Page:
Steve MacFarland has had trouble keeping his Christmas lights, his work van and trees in his yard safe from collisions with out-of-control vehicles. And he’s worried his house is next.
“I’m just afraid one of these days a car is going to wind up in our living room,” MacFarland said. “It’s just a matter of time.”
MacFarland said his work van was hit five or six times while parked on a winding part of Liberia Avenue in front of his home. He said the too-frequent accidents occur because drivers, sometimes intoxicated, speed down the road and miss the bend.
And it’s all because there’s no four-way stop sign on the corner of Landgreen Street, according to some area residents.
“We’ve been trying for a long time to get a stop sign and they just laugh at us,” MacFarland said.
Another Point of Woods resident, Patricia Bailey, petitioned the City of Manassas after her son was hit by another car on his way to high school on a dark, rainy morning four years ago. As he pulled out of Landgreen, where cars parked on Liberia block the view around the bend, another car sped around the corner and smashed into his car, according to Bailey.
Bailey told Public Works Director Mike Moon that she and other residents wanted a four-way stop sign.
“He said it was too close to other stop signs on the street,” Bailey said. “But you’ve got a light at Route 28 and then Mathis Avenue, so that doesn’t make sense.”
Moon said two studies have been done in the area, and it doesn’t meet established criteria for four-way stop sign installation.
“We try to look at these things from an objective viewpoint and try to use discretion,” Moon said.
Police Chief John Skinner said the police are only involved peripherally, usually by providing accident and other information for the traffic study. But the police have no jurisdiction over where stop signs are located, and the department’s official stance aligns with the city’s.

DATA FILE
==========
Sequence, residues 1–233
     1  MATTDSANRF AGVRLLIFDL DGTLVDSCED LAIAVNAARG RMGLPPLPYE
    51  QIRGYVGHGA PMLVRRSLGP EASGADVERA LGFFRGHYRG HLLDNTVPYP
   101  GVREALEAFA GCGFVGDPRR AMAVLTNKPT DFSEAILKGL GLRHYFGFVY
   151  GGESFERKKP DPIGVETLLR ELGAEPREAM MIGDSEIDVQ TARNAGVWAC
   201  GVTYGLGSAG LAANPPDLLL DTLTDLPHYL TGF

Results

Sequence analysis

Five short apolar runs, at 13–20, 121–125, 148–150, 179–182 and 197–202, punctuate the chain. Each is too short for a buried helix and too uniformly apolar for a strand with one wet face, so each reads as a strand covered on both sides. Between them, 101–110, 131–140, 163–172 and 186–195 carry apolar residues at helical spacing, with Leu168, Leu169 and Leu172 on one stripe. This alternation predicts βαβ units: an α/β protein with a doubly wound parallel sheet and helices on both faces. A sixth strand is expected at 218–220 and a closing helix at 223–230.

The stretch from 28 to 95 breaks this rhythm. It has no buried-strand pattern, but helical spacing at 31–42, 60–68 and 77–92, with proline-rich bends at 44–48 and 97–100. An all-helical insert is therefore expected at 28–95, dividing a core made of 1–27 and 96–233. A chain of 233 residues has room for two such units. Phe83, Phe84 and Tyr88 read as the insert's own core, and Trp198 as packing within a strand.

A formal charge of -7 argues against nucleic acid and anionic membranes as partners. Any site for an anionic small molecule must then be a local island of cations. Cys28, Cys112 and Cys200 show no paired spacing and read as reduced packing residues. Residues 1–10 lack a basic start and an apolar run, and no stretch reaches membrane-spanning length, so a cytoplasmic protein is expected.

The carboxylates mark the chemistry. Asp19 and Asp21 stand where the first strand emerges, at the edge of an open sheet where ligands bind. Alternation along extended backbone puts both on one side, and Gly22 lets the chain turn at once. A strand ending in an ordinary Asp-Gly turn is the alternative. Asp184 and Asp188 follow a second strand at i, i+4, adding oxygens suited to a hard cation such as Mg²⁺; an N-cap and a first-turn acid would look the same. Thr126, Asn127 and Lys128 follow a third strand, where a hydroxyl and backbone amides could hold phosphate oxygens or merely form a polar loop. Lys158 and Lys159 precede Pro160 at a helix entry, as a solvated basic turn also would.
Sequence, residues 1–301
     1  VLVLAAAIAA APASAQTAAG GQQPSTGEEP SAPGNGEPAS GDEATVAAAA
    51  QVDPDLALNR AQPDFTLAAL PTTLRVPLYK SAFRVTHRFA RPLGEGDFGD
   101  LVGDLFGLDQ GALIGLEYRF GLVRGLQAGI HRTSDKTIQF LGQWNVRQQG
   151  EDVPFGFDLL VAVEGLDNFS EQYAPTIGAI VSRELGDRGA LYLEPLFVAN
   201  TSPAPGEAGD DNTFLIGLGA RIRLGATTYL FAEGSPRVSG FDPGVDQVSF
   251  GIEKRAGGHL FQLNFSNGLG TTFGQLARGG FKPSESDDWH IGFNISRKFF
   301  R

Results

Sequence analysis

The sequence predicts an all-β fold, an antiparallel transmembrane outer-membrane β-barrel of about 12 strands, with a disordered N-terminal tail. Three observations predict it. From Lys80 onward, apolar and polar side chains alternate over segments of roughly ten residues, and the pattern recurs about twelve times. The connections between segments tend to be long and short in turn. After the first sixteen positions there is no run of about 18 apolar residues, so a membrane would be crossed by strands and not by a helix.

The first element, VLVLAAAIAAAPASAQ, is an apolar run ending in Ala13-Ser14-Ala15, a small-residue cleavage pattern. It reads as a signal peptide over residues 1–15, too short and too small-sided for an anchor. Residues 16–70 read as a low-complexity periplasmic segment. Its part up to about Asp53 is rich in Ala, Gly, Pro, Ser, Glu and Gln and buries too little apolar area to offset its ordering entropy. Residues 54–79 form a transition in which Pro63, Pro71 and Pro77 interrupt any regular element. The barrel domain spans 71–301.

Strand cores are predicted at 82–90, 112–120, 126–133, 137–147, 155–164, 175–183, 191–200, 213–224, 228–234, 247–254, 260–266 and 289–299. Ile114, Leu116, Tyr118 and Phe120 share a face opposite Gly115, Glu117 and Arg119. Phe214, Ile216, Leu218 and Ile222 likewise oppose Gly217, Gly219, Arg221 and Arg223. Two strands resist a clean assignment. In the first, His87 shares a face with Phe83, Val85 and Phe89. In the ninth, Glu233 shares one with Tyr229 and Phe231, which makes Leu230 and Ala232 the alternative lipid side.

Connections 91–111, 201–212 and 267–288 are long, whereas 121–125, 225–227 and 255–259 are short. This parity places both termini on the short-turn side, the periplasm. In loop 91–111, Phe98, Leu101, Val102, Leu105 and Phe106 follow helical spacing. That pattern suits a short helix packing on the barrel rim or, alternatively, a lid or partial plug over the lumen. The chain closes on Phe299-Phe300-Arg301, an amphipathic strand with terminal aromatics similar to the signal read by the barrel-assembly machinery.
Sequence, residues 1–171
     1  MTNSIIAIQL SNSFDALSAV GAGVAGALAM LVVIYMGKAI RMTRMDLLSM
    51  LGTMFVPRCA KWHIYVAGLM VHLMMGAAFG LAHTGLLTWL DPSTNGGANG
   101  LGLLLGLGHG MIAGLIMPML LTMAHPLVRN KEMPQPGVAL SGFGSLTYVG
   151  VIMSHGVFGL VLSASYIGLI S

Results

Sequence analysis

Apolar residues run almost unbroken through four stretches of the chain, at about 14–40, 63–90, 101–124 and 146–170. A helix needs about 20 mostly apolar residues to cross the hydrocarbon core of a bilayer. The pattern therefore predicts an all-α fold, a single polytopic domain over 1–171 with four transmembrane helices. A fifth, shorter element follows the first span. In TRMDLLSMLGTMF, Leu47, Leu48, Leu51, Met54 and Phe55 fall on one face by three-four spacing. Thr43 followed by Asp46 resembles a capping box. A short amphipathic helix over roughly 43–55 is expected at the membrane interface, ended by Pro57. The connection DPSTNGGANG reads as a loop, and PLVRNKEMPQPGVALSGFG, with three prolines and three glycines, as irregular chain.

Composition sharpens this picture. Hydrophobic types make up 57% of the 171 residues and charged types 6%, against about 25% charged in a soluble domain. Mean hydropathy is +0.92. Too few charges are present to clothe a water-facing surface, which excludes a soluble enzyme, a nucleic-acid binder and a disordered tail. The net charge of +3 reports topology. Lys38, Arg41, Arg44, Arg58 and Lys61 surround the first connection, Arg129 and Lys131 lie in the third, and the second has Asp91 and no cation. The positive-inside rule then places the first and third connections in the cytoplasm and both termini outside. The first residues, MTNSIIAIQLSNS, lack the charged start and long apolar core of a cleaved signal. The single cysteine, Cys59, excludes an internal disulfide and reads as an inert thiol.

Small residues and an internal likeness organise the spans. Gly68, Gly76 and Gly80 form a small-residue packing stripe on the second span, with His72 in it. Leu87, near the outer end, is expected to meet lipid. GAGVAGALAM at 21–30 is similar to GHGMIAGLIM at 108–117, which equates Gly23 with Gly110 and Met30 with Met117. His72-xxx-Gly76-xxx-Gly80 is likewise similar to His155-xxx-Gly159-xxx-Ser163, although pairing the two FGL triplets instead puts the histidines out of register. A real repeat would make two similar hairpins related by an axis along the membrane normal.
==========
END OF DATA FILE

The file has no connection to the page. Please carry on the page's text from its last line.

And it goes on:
More than 1,000 feet must exist between stop signs, and Moon said the city has tried to accommodate the residents in other ways. The city has installed parking lanes, trimmed shrubs and designated Liberia as a no-truck route.
“We can’t drive for people; there’s going to be accidents,” Moon said. “We didn’t say ‘no we’re not interested in doing anything for you,’ but we don’t throw away the policy typically.”
Bailey also worries about children waiting at a bus stop in the dark early morning hours on the corner in question. She wrote to state representatives when she found no reprieve from the city. And while they were sympathetic to her cause in their return letters, they referred her back to Moon.
Manassas Sen. Charles J. Colgan, D-29th, said in a letter to the City Manager Lawrence Hughes that Bailey made some good points.
“I would appreciate it if you would review her letter and hopefully the city can comply with her request,” Colgan said.
Bailey said residents even offered to pay for the sign, but Moon said the policy exists to prevent too many stop signs existing on one road.
MacFarland’s neighbor James Shelton, who also had a vehicle hit on Liberia, said he saw a car going so fast in front of his home, that when the vehicle missed the turn and crashed into a parked car, the moving car lifted the stationary vehicle. He said maybe a flashing yellow light or a speed hump would be acceptable if stop signs couldn’t be installed.
“I guarantee if they hit the speed hump too fast, they would slow down next time,” Shelton said.
Bailey’s husband Russ said he knows cars go faster on Liberia than the city’s study indicates and now all Patricia Bailey can do is hold on tight to her letters from city and state officials, just in case.
“If and when there is something that happens,” Bailey said. “I want people to know we tried.”